Rick Scott allows Florida to become the most under-staffed state in the U.S.

From the Herald Tribune‘s Lloyd Dunkelberger, 02/26/2016:

The annual report from the state Department of Management Services shows the positions in the main personnel system for state workers has declined by nearly 11,000 jobs or 10 percent to 98,092 jobs in the last five years under Scott.

The broader state workforce, which also includes the state university system, the courts, the Legislature and the Lottery, shows a more moderate five-year decline of little over 4 percent, with a total of 160,704 positions through 2015.

It’s a smaller decline because some segments have grown, including a 1,800 position gain in the state university system.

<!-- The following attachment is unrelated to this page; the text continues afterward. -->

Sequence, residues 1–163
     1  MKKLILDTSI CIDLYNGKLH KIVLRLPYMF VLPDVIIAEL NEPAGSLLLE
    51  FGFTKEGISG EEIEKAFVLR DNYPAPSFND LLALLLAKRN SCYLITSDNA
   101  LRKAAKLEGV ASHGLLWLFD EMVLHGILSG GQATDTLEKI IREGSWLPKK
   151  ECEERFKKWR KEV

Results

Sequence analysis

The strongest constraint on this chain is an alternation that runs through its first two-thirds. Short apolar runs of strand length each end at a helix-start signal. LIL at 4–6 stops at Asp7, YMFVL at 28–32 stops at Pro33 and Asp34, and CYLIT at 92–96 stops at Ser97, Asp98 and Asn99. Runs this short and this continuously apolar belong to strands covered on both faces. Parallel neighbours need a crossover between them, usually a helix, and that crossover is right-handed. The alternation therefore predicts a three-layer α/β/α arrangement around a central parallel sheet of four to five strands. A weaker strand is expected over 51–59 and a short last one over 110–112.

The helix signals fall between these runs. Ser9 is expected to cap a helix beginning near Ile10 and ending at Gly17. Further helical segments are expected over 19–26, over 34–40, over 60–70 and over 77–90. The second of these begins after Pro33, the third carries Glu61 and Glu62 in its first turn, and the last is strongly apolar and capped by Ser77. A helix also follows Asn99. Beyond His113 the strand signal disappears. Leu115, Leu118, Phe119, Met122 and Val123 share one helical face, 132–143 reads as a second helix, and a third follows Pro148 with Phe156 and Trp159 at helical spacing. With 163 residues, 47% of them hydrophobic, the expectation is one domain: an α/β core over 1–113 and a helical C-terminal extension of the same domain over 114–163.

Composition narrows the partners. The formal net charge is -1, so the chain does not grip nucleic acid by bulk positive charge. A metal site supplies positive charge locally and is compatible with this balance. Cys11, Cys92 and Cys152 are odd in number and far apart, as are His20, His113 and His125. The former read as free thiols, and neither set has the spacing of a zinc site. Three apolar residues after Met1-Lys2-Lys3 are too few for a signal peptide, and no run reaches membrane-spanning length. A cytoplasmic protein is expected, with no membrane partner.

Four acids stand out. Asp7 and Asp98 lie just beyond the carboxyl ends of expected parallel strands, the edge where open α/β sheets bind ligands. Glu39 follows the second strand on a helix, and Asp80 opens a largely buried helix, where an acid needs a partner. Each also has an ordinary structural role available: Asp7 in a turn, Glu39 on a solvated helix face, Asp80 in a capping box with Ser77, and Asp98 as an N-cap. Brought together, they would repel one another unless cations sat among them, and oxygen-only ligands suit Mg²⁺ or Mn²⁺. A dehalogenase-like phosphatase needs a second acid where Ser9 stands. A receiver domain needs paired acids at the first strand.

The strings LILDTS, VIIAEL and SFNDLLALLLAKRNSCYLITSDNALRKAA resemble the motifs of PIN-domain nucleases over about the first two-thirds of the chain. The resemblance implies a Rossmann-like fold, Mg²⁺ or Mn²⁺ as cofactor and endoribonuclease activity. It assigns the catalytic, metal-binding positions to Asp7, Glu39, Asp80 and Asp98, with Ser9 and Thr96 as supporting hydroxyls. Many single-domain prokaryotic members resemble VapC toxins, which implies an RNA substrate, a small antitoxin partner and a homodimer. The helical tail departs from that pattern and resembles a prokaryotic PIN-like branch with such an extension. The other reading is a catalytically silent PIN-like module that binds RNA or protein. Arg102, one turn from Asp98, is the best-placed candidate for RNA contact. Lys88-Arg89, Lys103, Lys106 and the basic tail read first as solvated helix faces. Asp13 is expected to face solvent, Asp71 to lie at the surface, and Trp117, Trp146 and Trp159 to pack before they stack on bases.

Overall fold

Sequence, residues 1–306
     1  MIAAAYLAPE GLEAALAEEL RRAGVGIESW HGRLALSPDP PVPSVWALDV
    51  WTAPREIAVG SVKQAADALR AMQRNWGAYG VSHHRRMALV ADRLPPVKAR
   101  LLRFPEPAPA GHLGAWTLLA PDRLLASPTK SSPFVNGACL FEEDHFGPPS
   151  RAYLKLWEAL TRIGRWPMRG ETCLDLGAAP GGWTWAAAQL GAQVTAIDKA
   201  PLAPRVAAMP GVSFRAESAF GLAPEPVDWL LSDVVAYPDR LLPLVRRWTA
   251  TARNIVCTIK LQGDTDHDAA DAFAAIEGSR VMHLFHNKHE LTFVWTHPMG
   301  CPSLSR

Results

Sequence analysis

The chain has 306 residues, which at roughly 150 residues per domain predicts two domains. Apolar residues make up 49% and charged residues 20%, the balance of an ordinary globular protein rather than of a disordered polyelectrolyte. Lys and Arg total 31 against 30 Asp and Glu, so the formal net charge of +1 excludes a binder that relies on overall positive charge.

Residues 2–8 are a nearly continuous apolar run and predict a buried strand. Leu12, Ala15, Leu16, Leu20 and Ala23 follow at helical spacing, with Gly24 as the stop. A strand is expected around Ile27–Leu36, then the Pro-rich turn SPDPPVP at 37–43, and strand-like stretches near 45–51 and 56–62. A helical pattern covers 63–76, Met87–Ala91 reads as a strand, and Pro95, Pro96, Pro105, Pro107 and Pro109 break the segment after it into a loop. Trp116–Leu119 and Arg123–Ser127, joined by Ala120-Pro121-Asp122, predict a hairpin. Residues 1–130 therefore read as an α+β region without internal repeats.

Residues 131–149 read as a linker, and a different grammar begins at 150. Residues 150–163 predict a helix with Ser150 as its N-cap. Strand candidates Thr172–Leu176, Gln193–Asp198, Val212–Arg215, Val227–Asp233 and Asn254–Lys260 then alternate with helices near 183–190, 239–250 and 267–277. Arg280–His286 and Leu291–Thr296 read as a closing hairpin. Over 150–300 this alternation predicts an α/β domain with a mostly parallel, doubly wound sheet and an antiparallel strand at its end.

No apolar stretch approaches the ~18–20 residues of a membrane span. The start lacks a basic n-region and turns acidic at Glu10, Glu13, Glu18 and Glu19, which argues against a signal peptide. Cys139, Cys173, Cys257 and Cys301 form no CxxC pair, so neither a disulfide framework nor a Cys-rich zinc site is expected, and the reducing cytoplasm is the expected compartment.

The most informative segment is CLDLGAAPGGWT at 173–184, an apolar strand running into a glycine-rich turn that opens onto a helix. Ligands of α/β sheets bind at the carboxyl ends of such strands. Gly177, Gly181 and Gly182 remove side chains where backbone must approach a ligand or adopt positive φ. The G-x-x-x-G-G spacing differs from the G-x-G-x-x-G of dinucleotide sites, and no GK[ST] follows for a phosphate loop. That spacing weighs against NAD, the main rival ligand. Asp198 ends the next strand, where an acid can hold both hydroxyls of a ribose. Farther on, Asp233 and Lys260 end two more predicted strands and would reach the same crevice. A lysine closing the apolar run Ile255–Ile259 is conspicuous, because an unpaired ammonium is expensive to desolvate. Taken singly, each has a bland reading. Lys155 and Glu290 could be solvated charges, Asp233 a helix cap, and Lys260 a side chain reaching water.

By all statistical measures, Florida’s main state workforce remains proportionately one of the smallest in the nation. Florida has the smallest ratio of state workers, 105 to every 10,000 state residents, in the nation. The national average is 209 workers.

Yet at the same time, Florida has the second highest population growth rate among the largest states, measured at 1.49 percent in the annual period ending in July 2014, trailing only Texas at 1.7 percent. Overall, Florida’s growth rate ranked fifth among all states in that period.

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